FILE - In this Jan. 23, 2018, file photo, former Michigan Gov. Rick Snyder delivers his State of the State address at the state Capitol in Lansing, Mich. Former Gov. Snyder, Nick Lyon, former director of the Michigan Department of Health and Human Services, and other ex-officials have been told they’re being charged after a new investigation of the Flint water scandal, which devastated the majority Black city with lead-contaminated water and was blamed for a deadly outbreak of Legionnaires’ disease in 2014-15, The Associated Press has learned. (AP Photo/Al Goldis, File)

FILE - In this Jan. 23, 2018, file photo, former Michigan Gov. Rick Snyder delivers his State of the State address at the state Capitol in Lansing, Mich. Former Gov. Snyder, Nick Lyon, former director of the Michigan Department of Health and Human Services, and other ex-officials have been told they’re being charged after a new investigation of the Flint water scandal, which devastated the majority Black city with lead-contaminated water and was blamed for a deadly outbreak of Legionnaires’ disease in 2014-15, The Associated Press has learned. (AP Photo/Al Goldis, File)

Michigan plans to charge ex-governor in Flint lead-contaminated water scandal

Flint water scandal devastated the majority Black city with lead-contaminated water

Former Michigan Gov. Rick Snyder, his health director and other ex-officials have been told they’re being charged after a new investigation of the Flint water scandal, which devastated the majority Black city with lead-contaminated water and was blamed for a deadly outbreak of Legionnaires’ disease in 2014-15, The Associated Press has learned.

Two people with knowledge of the planned prosecution told the AP on Tuesday that the attorney general’s office has informed defence lawyers about indictments in Flint and told them to expect initial court appearances soon. They spoke to the AP on condition of anonymity because they were not authorized to speak publicly.

The AP could not determine the nature of the charges against Snyder, former health department director Nick Lyon and others who were in his administration, including Rich Baird, a friend who was the governor’s key troubleshooter while in office.

Courtney Covington Watkins, a spokeswoman for the attorney general’s office, said only that investigators were “working diligently” and “will share more as soon as we’re in a position to do so.”

Snyder’s attorney, Brian Lennon, released a blistering statement, saying a criminal prosecution would be “outrageous.” He said state prosecutors have refused to “share information about these charges with us.”

“Rather than following the evidence to find the truth, the Office of Special Counsel appears to be targeting former Gov. Snyder in a political escapade,” Lennon said.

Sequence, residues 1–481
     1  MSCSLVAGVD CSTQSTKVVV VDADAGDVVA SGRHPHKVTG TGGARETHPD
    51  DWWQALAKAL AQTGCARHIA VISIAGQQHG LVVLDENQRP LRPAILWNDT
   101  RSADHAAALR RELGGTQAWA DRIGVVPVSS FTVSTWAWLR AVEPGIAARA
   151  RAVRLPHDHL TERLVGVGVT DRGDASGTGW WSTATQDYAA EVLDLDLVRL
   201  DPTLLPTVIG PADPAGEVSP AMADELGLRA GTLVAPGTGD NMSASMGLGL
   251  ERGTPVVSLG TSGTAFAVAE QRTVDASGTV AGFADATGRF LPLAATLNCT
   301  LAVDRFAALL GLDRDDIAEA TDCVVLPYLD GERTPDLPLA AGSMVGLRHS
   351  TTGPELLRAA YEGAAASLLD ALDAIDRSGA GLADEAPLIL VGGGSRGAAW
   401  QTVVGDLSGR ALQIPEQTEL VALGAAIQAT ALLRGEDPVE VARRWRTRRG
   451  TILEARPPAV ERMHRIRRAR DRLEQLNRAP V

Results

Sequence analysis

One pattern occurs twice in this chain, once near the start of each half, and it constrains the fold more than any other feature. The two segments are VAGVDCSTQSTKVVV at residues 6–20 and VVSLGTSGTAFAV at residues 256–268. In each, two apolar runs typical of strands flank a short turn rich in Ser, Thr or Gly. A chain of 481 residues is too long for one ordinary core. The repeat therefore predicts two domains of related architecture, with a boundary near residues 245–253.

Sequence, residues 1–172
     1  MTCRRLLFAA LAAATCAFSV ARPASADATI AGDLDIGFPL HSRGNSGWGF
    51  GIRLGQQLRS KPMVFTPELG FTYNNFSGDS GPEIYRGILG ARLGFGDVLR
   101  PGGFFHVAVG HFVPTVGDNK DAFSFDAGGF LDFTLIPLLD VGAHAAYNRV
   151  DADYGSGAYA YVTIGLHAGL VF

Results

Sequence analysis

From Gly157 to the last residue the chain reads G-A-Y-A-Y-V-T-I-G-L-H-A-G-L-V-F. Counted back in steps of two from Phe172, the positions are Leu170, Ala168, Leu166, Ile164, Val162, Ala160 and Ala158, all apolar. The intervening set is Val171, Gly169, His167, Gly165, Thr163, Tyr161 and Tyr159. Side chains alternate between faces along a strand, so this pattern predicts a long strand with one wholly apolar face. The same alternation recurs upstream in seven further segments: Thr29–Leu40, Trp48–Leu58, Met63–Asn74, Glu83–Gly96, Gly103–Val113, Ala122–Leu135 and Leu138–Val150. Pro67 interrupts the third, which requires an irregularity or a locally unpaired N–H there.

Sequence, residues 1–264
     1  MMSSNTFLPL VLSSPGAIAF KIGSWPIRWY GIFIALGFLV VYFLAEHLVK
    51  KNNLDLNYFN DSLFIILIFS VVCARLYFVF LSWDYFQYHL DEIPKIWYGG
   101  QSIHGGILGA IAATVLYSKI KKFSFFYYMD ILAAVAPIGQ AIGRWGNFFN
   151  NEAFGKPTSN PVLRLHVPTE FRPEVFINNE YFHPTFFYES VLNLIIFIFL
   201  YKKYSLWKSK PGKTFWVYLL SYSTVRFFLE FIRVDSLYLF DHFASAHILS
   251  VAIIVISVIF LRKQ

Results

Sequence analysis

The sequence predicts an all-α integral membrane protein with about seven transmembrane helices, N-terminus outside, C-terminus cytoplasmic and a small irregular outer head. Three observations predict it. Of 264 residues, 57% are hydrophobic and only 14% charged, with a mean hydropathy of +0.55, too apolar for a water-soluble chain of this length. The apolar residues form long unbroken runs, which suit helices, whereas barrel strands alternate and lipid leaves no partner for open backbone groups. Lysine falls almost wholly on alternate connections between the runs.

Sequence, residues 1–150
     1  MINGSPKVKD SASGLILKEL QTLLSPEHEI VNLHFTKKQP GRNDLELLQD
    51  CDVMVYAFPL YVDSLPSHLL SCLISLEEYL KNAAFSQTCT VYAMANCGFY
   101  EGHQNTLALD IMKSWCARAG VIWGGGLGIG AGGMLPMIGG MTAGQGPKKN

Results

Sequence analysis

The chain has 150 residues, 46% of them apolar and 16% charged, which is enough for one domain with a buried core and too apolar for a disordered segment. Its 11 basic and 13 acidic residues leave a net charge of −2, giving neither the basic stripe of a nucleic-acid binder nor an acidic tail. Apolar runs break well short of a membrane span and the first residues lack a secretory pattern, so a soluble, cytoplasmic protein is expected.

Snyder, a Republican who has been out of office for two years, was governor when state-appointed managers in Flint switched the city’s water to the Flint River in 2014 as a cost-saving step while a pipeline was being built to Lake Huron. The water, however, was not treated to reduce corrosion — a disastrous decision affirmed by state regulators that caused lead to leach from old pipes and spoil the distribution system used by nearly 100,000 residents.

The disaster made Flint a nationwide symbol of governmental mismanagement, with residents lining up for bottled water and parents fearing that their children had suffered permanent harm. Lead can damage the brain and nervous system and cause learning and behaviour problems. The crisis was highlighted as an example of environmental injustice and racism.

At the same time, bacteria in the water was blamed for an outbreak of Legionnaires’. Legionella bacteria can emerge through misting and cooling systems, triggering a severe form of pneumonia, especially in people with weakened immune systems. Authorities counted at least 90 cases in Genesee County, including 12 deaths.

The outbreak was announced by Snyder and Lyon in January 2016, although Lyon conceded that he knew that cases were being reported many months earlier.

In 2018, Lyon was ordered to stand trial on involuntary manslaughter charges after a special prosecutor accused him of failing to timely inform the public about the outbreak. His attorneys argued there was not enough solid information to share earlier.

By June 2019, the entire Flint water investigation was turned upside down after more than three years and millions of dollars. Prosecutors working under a new attorney general, Dana Nessel, dismissed the case against Lyon as well as charges against seven more people and said the probe would start anew.

The decision didn’t affect seven people who had already pleaded no contest to misdemeanours. They co-operated with investigators and their records were eventually scrubbed clean.

Lyon’s attorney said he was turned down when he asked prosecutors for a copy of new charges. The new case “would be a travesty of justice,” Chip Chamberlain said.

“It appears that the attorney general is more interested in creating a misleading narrative, seeking publicity and trial by ambush, than in seeking the truth,” Chamberlain said.